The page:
What is tactical voting in the general election?

-Credit: (Image: PA)
-Credit: (Image: PA)

Brits are deciding who to cast their votes for in the 2024 general election on Thursday, July 4.

Labour, the Conservatives, Liberal Democrats, the Green Party, Reform UK and other major parties have all published manifestos in the lead up to polling day setting out their pledges to the public and the changes they would make.

But while most people will be casting their votes based on which party wins their favour, others will be voting in a different way, using the tactic of selecting a candidate they wouldn't usually have as their first choice.

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With the UK now facing its fourth general election in less than a decade, tactical voting has become more of a talking point. The idea of tactical voting is to vote for the candidate most likely to beat a candidate you do not want to win.

The UK uses a first past the post voting system, which sees voters choose a candidate to represent their local area rather than who they want to run the country. So to form a government, a party needs to win as many seats as it can. Tactical voting is used in an attempt to reduce the number of seats won by the party voters do not want in power.

According to a YouGov study, one in five voters (22 per cent) have said they will be voting tactically on July 4, with the majority doing so in order to try and stop a Tory from winning their seat.

Some people will be casting a vote for a candidate that is not actually their top choice -Credit:PA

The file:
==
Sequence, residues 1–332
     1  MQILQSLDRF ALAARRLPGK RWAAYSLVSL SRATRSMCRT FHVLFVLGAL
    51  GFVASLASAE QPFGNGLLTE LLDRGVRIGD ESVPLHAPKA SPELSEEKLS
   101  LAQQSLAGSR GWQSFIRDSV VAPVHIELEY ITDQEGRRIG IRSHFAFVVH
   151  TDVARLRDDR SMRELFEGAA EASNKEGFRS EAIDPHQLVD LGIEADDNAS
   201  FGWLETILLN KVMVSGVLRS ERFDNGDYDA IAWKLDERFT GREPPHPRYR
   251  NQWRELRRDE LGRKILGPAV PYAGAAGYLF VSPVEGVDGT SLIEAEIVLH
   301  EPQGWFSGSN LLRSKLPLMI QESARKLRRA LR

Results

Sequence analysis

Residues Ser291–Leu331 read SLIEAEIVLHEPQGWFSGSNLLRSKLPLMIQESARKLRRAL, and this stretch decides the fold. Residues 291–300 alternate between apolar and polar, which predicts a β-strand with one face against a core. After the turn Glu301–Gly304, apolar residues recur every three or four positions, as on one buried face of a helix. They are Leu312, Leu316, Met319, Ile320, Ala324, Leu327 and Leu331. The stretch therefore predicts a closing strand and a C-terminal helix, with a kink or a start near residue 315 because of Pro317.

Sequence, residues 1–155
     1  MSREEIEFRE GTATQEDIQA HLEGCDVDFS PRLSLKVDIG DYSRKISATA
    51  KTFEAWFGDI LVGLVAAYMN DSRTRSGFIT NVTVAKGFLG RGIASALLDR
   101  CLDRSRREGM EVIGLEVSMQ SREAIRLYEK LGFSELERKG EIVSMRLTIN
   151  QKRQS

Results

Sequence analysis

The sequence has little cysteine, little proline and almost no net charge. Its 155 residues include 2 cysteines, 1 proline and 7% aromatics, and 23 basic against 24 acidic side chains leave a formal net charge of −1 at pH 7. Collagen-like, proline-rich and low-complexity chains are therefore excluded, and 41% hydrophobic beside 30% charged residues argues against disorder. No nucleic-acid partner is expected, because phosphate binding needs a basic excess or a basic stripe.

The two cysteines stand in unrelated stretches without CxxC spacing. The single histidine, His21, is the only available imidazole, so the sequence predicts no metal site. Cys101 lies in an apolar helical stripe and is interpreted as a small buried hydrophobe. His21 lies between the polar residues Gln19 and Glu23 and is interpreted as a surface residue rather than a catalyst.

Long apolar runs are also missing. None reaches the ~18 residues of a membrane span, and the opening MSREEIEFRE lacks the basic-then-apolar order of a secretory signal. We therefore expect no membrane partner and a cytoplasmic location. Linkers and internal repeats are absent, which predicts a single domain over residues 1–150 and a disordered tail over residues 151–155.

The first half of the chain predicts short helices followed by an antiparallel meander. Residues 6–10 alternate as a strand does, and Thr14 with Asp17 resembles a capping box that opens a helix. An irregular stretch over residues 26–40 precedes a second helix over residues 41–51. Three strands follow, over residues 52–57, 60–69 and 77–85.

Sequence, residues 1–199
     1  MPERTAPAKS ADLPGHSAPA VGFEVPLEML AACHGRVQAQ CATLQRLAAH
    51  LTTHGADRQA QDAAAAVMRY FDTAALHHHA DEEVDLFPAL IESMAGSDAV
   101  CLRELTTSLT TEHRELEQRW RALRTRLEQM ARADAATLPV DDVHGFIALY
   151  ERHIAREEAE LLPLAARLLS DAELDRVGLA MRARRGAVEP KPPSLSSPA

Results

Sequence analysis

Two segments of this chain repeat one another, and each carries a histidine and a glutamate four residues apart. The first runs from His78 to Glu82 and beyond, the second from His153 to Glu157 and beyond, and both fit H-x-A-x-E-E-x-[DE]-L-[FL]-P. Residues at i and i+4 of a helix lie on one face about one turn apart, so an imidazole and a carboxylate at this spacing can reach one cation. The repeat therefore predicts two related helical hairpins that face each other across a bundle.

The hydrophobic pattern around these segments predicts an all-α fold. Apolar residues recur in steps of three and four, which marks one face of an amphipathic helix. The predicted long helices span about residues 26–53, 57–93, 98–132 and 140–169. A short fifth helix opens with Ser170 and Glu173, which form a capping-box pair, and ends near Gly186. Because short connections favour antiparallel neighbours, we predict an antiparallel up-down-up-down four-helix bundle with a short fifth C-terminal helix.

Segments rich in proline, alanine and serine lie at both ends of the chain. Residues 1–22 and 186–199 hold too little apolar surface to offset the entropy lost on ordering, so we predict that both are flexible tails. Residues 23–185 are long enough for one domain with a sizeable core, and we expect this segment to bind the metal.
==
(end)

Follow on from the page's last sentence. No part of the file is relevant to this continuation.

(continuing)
Some people will be casting a vote for a candidate that is not actually their top choice -Credit:PA

The Liberal Democrats are likely to do particularly well out of tactical voting, with as many as four in ten (39 per cent) of the party’s voters saying they are voting tactically. Around 29 per cent of Labour voters said their vote was a tactical one. However, Conservative, Reform UK and Green voters are much less likely to be casting a tactical vote, the study suggests.

YouGov said that the largest proportion of tactical voters (30 per cent) said their first choice would the Greens, while 20 per cent said they would rather be backing the Lib Dems. Meanwhile, 16 per cent of tactical voters said they wish they could actually vote for Labour.

A number of campaigning organisations have set up websites to help voters who want to vote tactically decide who to vote for. Best For Britain launched the GetVoting.org campaign, which it hopes will help to unseat high-profile Conservatives, including prime minister Rishi Sunak, his predecessor Liz Truss and chancellor Jeremy Hunt.

The group, which bills itself as "fixing the problems Britain faces after Brexit", has proposed supporting Labour in 370 seats, the Liberal Democrats in 69, the Green Party in three, the SNP in seven and Plaid Cymru in two. Best For Britain said its recommendations have been made in a bid to deal the "heaviest possible electoral defeat for the Government, to keep them out of power for a decade and to avoid the election of Reform UK MPs".

Countdown star Carol Vorderman is among the famous faces urging Brits to vote tactically. The TV star is backing the stopthetories.vote campaign, which wants to inflict the heaviest possible losses on Sunak's party.